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November deadline set for FACTA identity theft rule: Will your business be ready?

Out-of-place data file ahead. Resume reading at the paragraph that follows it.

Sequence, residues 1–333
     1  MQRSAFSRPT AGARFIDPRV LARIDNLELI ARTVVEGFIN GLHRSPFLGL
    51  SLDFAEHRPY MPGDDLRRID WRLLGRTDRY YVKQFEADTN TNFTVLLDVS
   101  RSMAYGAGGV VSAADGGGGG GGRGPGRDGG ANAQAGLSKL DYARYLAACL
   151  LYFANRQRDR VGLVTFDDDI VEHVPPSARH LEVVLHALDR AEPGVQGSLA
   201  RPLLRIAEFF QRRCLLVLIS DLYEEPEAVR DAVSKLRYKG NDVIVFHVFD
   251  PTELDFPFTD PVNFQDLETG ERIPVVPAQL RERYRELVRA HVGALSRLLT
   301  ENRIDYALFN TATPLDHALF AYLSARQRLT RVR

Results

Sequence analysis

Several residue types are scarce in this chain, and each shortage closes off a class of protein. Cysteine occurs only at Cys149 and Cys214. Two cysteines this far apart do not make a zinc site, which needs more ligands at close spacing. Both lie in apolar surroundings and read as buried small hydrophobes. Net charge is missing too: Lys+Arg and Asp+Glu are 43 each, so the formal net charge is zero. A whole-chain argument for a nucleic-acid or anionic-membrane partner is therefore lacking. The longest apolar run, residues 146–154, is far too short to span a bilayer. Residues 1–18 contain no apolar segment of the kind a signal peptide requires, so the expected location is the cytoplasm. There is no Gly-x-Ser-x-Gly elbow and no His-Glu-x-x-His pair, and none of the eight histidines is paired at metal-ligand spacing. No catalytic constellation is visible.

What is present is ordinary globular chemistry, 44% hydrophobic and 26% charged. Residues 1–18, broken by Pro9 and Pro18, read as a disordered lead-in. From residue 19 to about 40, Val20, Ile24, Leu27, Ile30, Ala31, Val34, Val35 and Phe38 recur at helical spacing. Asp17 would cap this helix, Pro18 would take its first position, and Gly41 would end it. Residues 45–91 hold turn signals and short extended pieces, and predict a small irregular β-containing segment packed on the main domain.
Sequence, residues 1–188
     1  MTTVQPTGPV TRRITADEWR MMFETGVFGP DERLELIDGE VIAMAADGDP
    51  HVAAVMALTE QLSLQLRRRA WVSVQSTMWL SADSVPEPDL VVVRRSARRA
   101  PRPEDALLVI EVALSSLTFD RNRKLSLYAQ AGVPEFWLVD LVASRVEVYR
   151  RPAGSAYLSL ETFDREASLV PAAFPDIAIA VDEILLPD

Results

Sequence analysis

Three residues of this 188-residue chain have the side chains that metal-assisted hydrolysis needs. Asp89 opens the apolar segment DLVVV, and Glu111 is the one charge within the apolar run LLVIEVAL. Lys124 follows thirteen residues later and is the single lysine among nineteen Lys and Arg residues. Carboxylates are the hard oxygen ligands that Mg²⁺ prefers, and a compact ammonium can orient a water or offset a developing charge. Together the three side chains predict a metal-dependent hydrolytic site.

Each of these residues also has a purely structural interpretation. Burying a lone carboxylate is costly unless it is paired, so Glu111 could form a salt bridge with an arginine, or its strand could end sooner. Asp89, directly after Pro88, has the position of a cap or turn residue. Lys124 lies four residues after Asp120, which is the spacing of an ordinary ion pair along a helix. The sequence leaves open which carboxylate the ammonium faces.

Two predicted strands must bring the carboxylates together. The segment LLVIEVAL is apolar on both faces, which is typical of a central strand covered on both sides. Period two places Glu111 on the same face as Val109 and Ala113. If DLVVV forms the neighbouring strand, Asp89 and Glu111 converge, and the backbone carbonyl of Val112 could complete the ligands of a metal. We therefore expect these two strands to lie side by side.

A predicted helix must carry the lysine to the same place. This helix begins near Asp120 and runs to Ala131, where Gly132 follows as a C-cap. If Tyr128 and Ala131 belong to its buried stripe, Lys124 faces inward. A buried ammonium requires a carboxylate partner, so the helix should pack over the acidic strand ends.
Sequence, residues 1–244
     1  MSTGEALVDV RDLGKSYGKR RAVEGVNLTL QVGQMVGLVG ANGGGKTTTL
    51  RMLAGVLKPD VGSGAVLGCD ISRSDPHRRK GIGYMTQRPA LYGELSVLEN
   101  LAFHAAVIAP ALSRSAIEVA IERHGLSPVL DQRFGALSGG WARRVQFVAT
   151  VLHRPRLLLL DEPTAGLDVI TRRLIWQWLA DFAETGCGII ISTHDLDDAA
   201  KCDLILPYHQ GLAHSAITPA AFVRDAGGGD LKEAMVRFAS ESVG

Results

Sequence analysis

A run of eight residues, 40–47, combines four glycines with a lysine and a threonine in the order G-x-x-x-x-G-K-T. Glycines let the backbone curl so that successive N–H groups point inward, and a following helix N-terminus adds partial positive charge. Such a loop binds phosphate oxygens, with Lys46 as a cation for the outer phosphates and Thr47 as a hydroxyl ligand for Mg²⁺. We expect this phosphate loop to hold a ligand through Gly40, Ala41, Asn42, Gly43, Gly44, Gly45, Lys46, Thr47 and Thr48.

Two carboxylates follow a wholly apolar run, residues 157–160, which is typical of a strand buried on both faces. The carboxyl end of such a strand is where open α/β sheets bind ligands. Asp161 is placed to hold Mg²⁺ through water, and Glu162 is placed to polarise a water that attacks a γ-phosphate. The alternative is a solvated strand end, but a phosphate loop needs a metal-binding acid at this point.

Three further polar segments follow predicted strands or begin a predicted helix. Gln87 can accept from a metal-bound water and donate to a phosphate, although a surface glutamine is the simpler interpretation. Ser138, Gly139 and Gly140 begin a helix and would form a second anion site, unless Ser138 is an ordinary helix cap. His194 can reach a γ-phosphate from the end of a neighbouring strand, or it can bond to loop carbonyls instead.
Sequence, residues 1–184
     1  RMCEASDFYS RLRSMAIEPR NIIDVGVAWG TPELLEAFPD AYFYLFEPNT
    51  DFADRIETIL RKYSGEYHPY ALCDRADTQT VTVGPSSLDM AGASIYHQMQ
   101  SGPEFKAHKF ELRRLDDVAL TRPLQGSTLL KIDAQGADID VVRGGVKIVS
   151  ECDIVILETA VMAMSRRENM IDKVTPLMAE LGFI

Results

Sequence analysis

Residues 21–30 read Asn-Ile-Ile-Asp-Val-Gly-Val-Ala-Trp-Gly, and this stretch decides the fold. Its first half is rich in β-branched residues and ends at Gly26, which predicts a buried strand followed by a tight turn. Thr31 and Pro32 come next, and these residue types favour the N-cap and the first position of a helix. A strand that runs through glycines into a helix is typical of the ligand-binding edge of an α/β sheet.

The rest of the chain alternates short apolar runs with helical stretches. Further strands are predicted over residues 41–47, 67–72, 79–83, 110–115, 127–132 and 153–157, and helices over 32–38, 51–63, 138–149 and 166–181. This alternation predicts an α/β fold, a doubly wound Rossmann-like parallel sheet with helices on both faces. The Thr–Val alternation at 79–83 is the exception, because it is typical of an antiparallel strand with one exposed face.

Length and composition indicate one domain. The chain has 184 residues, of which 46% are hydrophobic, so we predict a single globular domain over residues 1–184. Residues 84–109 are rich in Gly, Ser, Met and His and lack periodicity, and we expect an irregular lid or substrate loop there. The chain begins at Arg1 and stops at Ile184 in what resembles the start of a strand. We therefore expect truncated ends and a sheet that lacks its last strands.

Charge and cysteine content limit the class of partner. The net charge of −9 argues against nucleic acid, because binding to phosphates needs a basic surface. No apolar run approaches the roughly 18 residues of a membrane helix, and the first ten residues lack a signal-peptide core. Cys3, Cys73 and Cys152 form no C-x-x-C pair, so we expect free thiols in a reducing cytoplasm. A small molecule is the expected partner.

National Mortgage Professional
Aug 17, 2008